All federal tax liability uses for appraisals (such as estate tax, gift tax, noncash charitable contributions, casualty loss) require the assignment of fair market value. In Anselmo v. Commissioner the Tax Court, in applying this definition of fair market value in a noncash charitable contribution case, held that there should be no distinction between the measure of fair market value for estate and gift tax purposes and noncash charitable contributions under the income tax law. In other words, whenever doing an appraisal for federal purposes, make use of fair market value and no other type of value.

To substantiate a determination of fair market value presented in the appraisal report, the appraiser must base such an opinion on past comparable sales which exhibit the market characteristics as stipulated in the above definition of fair market value.

But if …

  1. Those comparable sales are not between a willing buyer and a willing seller, or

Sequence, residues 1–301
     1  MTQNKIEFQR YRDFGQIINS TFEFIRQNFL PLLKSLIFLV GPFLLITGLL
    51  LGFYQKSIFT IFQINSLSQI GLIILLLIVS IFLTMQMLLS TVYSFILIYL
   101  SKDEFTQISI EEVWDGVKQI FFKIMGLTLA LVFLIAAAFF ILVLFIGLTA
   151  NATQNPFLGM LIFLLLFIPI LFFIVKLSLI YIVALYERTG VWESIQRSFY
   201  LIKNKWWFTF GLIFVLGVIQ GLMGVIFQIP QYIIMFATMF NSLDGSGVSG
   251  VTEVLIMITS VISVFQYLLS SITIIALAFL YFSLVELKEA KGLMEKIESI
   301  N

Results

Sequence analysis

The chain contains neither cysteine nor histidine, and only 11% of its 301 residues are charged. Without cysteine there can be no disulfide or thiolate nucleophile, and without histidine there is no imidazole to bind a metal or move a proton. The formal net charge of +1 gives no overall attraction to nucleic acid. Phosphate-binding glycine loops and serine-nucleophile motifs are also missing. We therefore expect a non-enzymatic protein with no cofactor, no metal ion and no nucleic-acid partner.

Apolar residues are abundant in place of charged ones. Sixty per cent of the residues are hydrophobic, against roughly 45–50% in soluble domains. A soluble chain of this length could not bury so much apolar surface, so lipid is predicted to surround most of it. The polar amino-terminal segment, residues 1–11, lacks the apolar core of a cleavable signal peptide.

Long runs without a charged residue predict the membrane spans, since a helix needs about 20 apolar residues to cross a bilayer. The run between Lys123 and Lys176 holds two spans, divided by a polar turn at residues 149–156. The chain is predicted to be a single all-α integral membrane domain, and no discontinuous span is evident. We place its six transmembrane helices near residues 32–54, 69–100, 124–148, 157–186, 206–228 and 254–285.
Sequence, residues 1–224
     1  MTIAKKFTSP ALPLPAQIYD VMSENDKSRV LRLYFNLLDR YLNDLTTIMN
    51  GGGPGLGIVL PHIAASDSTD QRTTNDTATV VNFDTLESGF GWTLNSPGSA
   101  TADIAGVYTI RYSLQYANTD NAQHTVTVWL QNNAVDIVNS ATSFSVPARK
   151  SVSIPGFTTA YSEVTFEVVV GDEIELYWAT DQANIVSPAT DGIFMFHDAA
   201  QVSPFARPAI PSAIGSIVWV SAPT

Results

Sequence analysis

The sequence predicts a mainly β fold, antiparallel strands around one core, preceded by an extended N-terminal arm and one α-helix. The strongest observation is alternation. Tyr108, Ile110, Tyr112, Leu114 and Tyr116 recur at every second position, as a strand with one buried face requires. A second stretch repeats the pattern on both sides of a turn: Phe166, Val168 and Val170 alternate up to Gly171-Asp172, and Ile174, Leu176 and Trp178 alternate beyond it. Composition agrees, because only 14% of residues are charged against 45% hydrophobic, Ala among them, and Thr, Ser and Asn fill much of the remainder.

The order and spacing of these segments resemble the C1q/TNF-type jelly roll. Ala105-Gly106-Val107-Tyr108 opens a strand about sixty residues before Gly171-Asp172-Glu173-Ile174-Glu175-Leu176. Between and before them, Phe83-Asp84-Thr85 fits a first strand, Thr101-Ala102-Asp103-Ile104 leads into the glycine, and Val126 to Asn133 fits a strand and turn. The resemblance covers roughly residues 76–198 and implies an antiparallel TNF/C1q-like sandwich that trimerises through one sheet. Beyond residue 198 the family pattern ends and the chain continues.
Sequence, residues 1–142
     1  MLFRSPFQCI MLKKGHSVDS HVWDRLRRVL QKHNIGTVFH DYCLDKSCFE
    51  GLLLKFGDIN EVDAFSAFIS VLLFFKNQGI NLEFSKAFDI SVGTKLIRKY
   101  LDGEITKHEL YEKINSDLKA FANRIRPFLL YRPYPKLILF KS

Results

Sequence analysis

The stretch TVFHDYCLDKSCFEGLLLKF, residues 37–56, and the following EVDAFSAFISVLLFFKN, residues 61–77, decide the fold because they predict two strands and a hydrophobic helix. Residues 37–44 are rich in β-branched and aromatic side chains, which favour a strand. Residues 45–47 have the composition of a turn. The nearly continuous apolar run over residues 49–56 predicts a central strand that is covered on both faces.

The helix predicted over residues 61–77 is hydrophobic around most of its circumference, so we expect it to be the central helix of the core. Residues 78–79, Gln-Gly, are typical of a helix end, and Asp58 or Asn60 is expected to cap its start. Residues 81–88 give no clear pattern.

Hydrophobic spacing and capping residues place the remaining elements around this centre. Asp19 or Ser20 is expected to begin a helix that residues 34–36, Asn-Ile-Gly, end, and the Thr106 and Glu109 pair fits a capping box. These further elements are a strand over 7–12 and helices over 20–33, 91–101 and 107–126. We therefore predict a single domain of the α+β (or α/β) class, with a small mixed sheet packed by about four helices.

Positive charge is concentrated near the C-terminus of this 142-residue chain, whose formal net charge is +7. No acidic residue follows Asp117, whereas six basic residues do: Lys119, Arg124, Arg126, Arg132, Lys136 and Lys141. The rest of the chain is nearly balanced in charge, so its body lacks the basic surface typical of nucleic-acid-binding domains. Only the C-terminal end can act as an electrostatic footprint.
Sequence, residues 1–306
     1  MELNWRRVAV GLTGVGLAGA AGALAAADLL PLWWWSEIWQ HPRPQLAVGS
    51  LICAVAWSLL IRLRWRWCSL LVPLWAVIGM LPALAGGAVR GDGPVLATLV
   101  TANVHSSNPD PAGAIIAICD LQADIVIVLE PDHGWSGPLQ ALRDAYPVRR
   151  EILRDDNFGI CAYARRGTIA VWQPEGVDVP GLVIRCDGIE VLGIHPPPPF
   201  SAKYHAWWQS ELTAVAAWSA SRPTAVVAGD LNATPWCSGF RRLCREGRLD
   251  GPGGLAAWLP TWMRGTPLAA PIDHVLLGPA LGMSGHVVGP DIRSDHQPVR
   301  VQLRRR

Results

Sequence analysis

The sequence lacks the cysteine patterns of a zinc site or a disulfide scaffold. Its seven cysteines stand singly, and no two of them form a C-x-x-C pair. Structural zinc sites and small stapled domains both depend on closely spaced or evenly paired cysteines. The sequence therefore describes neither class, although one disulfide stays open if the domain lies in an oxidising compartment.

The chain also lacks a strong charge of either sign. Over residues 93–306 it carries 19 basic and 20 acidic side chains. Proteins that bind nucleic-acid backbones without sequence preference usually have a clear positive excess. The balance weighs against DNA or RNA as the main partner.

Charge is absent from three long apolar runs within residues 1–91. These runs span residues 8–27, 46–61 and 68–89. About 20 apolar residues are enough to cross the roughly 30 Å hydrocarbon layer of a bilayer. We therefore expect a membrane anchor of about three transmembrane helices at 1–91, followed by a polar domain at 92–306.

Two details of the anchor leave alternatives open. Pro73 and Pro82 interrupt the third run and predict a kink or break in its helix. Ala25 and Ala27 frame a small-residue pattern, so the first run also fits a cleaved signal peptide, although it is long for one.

2. If buyer or seller are under compulsion to act, or
  3. If buyer or seller are not reasonably knowledgeable of relevant facts, or
  4. If the comparable sale was not “to the public” (i.e., at retail to the end consumer), or
  5. If the comparable sale was not in terms of cash or cash equivalent, or
  6. If the comparable sales being considered did not occur within the “most common market

… then those comparable sales must be excluded from the appraiser’s analysis as they do not conform to the required definition of fair market value. Let’s look at these requirements of fair market value in greater detail.